First U.S. COVID-19 shots could be given 24-to-48 hours after FDA nod - health official

FILE PHOTO: Former GlaxoSmithKline pharmaceutical executive Moncef Slaoui, who will serve as chief adviser on the effort to find a vaccine for the coronavirus disease (COVID-19) pandemic, waits to speak as President Donald Trump holds a coronavirus disease response event in the Rose Garden at the White House in Washington, U.S., May 15, 2020. REUTERS/Kevin Lamarque

(Reuters) - Healthcare workers and others recommended for the first COVID-19 inoculations could start getting shots within 24 hours after the vaccine receives regulatory authorization, the chief adviser for the U.S. government's Operation Warp Speed program said on Tuesday.

Moncef Slaoui, a former GlaxoSmithKline executive overseeing the vaccine portion of the U.S. program, said he hopes 20 million people will have been vaccinated by the end of this year.

"Within 24 hours, maybe at most 36 to 48 hours, from the approval, the vaccine can be in people's arms," Slaoui said at an event conducted by The Washington Post.

Slaoui said practice shipping runs - without vaccines - have been conducted to prepare for initial distribution expected to begin in mid-December once Pfizer Inc receives an emergency use authorization (EUA) from the U.S. Food and Drug Administration for its vaccine.

Pfizer applied for the EUA on Nov. 20 after publishing data that showed the vaccine developed with German partner BioNTech SE was 95% effective in preventing COVID-19.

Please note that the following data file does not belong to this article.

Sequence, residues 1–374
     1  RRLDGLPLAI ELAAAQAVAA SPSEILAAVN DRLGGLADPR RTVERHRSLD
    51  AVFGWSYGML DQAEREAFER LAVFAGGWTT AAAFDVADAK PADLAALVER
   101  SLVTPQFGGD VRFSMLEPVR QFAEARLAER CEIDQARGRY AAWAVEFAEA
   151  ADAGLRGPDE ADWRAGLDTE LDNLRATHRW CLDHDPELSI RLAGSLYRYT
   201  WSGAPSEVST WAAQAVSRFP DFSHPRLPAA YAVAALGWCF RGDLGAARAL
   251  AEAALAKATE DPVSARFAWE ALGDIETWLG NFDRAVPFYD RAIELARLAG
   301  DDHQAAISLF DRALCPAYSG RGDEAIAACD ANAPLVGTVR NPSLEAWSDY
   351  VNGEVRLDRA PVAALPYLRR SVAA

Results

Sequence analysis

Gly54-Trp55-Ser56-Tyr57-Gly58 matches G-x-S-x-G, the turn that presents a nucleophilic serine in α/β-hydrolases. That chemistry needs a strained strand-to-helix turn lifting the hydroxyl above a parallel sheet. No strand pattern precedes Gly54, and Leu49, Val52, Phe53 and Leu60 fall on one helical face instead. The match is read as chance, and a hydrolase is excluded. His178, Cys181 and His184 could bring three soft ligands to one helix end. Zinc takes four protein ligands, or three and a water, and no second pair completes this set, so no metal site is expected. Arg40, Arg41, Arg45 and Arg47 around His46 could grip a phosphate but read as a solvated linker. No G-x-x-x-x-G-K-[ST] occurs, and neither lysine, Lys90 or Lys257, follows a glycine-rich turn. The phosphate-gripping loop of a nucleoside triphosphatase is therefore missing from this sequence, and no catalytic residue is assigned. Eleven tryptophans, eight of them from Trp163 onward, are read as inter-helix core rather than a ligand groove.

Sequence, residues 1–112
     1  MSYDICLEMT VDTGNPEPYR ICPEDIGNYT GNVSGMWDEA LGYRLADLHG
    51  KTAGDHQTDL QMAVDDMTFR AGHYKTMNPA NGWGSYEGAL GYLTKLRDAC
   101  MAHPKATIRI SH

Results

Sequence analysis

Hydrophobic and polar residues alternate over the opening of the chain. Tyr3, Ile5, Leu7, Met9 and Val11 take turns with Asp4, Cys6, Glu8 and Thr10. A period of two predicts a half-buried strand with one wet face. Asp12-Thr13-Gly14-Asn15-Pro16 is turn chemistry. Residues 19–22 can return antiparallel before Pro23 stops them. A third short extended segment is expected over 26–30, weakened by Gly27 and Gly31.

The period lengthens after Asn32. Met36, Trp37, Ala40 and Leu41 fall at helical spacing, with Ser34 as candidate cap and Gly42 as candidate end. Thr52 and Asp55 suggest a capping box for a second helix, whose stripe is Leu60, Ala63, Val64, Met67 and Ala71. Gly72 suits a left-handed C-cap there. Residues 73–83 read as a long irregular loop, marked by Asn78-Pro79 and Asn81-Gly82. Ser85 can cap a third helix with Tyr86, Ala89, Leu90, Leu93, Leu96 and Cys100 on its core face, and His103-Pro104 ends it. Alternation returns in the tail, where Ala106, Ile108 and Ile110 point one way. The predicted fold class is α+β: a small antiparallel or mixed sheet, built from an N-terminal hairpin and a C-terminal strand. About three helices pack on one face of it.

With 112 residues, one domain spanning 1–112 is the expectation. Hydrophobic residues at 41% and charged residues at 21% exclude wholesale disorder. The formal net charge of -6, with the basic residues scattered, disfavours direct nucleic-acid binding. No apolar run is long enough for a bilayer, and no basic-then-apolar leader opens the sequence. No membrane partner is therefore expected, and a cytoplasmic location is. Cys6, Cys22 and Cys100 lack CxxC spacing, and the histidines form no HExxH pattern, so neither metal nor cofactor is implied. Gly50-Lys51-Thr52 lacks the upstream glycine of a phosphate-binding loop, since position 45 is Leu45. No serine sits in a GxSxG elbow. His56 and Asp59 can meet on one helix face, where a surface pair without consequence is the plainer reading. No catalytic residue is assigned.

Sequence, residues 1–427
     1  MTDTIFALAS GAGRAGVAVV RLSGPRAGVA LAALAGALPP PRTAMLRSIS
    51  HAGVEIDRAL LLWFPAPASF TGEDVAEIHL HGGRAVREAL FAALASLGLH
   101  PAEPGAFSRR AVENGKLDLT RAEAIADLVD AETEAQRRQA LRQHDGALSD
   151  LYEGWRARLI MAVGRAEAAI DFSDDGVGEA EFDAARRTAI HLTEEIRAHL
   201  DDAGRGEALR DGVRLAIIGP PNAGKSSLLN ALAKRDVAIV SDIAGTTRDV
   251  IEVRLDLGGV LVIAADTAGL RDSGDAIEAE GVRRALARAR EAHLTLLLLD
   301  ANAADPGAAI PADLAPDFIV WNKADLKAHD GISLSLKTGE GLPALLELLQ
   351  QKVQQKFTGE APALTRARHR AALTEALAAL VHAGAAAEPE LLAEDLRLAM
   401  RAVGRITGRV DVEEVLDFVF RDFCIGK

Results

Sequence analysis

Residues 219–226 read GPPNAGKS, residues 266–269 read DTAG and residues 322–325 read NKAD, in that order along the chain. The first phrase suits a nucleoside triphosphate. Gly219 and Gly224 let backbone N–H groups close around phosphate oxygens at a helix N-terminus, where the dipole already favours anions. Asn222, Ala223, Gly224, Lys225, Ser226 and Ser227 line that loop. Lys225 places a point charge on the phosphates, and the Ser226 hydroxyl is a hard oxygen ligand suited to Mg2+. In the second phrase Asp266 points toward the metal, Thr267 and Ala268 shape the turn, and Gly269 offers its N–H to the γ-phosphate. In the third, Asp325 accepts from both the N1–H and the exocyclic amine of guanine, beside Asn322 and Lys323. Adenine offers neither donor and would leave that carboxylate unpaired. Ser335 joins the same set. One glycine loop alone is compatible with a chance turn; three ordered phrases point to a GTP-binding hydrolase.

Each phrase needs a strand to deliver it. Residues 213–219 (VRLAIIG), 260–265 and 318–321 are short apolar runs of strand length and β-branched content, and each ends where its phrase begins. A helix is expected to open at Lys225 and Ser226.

A committee of outside expert advisers is scheduled to meet on Dec. 10 to discuss the data and make a recommendation to the FDA on whether to grant authorization. The agency typically follows the advice of these expert committees.

States will be in charge of distributing vaccines to their populations. Slaoui said the federal government will ship doses to the locations identified in state plans.

The United States should have 60 million to 70 million doses a month by January, between both the Pfizer and Moderna Inc vaccines, Slaoui said. Moderna's vaccine, which was about equally effective, will be reviewed by the expert panel a week after Pfizer's.

Both vaccines require patients to receive two doses about a month apart.

If experimental vaccines from Johnson & Johnson and AstraZeneca Plc also receive emergency approval, Slaoui said that will add 30 million to 50 million additional doses.

If there are four approved vaccines by early next year, manufacturing of doses should ramp up significantly in about March or April to about 150 million shots per month, he said.

J&J has said that it is on track to release an interim analysis of its large vaccine trial late this year or early next year. It would likely then need full data from the trial before applying for authorization.

Speedy U.S. clearance for the AstraZeneca vaccine appears unlikely. The company and Oxford University researchers released interim data on Nov. 23 that showed its vaccine was on average 70% effective and could be up to 90% effective against the virus with an alternate dosing regimen.

Some scientists have raised doubts about the strength of AstraZeneca's data after it turned out that patients in the UK part of the trial that showed 90% efficacy had accidentally received a half dose of the vaccine followed by the full dose.

AstraZeneca said that it will likely run an additional global trial using that dosing regimen to confirm those results.

(Reporting by Mrinalika Roy in Bengaluru and Rebecca Spalding in New York; Editing by Caroline Humer and Bill Berkrot)

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